Dr Tim Moore has a message for families of children with disabilities: early childhood intervention is more than therapy. After receiving a diagnosis, the parents’ first thought is often for the child to go to as many sessions as possible. It’s an understandable response.
“They assume that the experts know more than they do about their child, and what their child needs,” he says. “It’s only partly true—the fact is that parents know things that the experts don’t know.”
Dr Moore is a developmental psychologist and head of research and policy at the Centre of Community Child Health, Royal Children’s Hospital Melbourne. His work on child development, family relationships and service systems has had a significant impact in the early childhood intervention and early childhood fields in Australia and overseas.
For our 4th Annual Family Conference keynote, Dr Moore shared some of his insights on the power of families and the community in nurturing children’s development. Here are four of them:
Parents and community participation make the difference in children’s learning
“All parents are responsible for driving their child’s development, not only parents of children with disabilities,” Dr Moore points out.
“Parents provide a nurturing environment—and there is a lot that they can do within that framework that supports the child.”
Before therapy and other supports, a child with disability’s core needs are the same as every other child, he explains. “They need to be part of a family, be loved, be secure. They need to have routines, be able to contribute to the family, and go out into the world.”
Participating in the community is vital, Dr Moore stresses. “Children with disabilities are prone to meeting fewer people, having more restricted environments and experiences. That deprives them of developmental opportunities.”
Most learning happens between therapy sessions
There’s a misconception that lots and lots of therapy is needed for learning. In fact, most of a child’s development happens where they spend most of their time, and the opportunities that include applying strategies and other advice from professionals.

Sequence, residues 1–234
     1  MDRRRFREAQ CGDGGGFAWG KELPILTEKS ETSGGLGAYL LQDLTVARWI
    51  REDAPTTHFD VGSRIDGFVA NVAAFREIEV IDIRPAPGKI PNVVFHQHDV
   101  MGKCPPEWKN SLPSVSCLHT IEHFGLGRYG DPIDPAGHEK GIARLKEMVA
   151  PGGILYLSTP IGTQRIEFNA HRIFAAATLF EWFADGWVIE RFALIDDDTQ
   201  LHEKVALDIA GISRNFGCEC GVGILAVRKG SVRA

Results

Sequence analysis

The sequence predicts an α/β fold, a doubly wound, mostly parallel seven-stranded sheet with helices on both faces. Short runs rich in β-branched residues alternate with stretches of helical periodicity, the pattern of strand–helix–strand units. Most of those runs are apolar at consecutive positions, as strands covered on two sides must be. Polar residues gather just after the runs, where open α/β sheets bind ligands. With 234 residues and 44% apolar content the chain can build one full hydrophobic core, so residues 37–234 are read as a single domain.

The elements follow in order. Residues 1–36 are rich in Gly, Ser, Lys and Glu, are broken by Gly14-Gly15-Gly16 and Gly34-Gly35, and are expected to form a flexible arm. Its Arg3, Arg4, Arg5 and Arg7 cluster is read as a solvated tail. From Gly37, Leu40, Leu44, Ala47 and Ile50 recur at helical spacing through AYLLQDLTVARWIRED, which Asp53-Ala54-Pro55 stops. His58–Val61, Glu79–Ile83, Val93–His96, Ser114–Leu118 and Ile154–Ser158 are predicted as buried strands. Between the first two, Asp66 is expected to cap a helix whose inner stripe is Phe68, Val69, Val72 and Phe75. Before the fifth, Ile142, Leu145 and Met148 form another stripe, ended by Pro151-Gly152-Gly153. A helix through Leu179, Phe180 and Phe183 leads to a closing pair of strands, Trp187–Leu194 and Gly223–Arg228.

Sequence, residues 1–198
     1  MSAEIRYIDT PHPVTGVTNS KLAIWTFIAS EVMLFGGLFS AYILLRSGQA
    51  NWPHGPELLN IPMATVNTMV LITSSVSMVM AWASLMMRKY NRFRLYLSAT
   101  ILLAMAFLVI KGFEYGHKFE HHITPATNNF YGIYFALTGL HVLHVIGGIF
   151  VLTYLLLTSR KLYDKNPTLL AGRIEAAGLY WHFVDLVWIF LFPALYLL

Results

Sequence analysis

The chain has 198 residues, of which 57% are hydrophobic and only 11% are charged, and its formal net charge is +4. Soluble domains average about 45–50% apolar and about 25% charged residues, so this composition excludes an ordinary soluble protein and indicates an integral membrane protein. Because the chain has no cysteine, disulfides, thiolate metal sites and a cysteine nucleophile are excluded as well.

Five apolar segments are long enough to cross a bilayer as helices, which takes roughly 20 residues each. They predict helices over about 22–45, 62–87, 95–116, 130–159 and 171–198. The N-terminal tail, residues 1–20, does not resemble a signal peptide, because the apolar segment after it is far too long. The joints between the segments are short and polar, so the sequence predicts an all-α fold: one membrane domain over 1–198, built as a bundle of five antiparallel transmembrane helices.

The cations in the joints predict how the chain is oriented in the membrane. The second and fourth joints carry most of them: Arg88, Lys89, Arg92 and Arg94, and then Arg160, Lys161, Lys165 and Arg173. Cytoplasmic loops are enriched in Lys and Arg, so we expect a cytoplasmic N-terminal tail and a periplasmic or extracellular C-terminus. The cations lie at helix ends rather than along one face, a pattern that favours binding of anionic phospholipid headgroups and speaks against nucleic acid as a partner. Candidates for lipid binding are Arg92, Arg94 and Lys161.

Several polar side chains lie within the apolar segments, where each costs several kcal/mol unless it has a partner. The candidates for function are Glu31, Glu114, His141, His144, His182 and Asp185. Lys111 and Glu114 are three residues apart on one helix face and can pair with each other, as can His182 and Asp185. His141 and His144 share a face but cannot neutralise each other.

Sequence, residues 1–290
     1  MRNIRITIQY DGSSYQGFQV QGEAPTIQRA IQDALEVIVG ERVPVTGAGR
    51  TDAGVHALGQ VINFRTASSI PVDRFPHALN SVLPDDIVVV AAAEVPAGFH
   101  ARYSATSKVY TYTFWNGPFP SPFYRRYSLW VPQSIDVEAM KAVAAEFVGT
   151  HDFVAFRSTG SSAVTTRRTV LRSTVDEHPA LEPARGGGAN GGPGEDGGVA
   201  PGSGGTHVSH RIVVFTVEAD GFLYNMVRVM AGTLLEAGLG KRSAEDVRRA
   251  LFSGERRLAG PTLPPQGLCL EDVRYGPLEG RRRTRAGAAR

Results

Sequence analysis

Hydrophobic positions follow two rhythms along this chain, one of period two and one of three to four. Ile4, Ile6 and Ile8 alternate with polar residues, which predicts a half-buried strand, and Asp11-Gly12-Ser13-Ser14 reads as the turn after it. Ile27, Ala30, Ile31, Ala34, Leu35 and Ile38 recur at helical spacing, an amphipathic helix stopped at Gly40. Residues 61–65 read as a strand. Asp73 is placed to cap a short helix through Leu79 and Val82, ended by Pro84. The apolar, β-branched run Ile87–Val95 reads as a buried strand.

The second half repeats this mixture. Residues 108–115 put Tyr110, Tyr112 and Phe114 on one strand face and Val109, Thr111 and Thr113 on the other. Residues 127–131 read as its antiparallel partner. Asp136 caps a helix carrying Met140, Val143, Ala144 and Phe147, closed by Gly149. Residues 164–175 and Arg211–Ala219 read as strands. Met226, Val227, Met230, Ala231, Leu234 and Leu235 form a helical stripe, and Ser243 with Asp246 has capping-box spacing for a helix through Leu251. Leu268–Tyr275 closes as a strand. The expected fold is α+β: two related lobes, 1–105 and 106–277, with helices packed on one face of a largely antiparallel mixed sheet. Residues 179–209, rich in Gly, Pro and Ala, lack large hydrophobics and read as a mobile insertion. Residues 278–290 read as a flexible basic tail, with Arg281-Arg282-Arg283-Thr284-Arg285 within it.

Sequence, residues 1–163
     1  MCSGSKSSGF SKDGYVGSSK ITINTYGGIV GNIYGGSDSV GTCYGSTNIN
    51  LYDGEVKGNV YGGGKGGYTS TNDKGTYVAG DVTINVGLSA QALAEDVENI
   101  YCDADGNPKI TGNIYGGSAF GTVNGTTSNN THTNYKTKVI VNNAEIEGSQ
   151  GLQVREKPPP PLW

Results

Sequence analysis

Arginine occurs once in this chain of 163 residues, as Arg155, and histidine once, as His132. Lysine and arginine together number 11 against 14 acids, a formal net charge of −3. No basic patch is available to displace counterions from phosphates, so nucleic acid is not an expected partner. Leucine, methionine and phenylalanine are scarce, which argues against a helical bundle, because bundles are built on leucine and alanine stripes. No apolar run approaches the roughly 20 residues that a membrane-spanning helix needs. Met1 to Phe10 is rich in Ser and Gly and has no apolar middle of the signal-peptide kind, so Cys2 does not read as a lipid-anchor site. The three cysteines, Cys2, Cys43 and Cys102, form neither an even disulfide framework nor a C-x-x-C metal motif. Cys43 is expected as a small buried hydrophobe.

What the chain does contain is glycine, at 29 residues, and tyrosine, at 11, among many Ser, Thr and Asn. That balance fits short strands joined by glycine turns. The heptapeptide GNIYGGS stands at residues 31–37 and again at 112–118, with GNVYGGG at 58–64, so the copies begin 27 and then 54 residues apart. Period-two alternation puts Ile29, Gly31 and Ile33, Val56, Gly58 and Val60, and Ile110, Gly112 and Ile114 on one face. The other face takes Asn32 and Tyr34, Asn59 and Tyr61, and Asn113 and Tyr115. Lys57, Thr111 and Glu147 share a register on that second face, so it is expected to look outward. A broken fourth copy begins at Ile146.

“A therapist has an hour with a child that maybe that’s once or twice a week. In terms of time, it represents a very small proportion,” says Dr Moore. “Learning needs to be embedded in everyday activities. It needs to be part of what the family does.”
Parents are experts too
The best outcomes happen when professionals and parents combine their expertise and work in partnership. “Professionals cannot make recommendations or strategies without understanding a child as an individual, their preferences and circumstances, who they live with.”
This means parents need to take charge and communicate when they realise that a professional’s suggestion may not be appropriate. In a genuine partnership, Dr Moore says parents can set realistic routines that will not overload the family. Professionals become more experienced in how their specialist knowledge works for different families. “They learn from each other.”
Telepractice works for Early Childhood Intervention
Shifting services online during the pandemic hasn’t affected the quality of Early Childhood Intervention services, says Dr Moore. In fact, teleconferencing has been beneficial in certain ways. As professionals couldn’t physically interact with the children, they have been guiding parents on carrying out strategies at the very start.
It’s a great outcome in the partnership. “Parents are given the skills and confidence to provide their children the kind of opportunities and support to participate meaningfully in home life, community life, and in early childhood settings.”
Watch the 4th Annual Family Conference keynote with Dr Tim Moore and Plumtree CEO Sylvana Mahmic for insights on raising children with disability, inclusion, and more.
Also from our 4th Family Conference:
Read Telepractice: a family guide and resource, an eBook with practical tips on achieving positive outcomes for children and the entire family with teleconferencing [Please confirm that this links to the most current file]
Download the 4th Annual Conference Parent Statement that summarises the event’s key points and guides the way forward
Watch an interview with Audrey O’Connor, who is inspiring people with disability to make a difference through cinema
Watch Reframing Disability’s Chair of the Board Kate McNamara’s presentation on self-managing NDIS planning for her daughter to live her best life.
1 thought on “Rethinking early childhood intervention”
Wise words. This is absolutely true. With trusting and supportive therapist though parents develop confidence to apply strategies and work on goals with their child.
So much can be learnt into applying strategies to routines and interactions with children.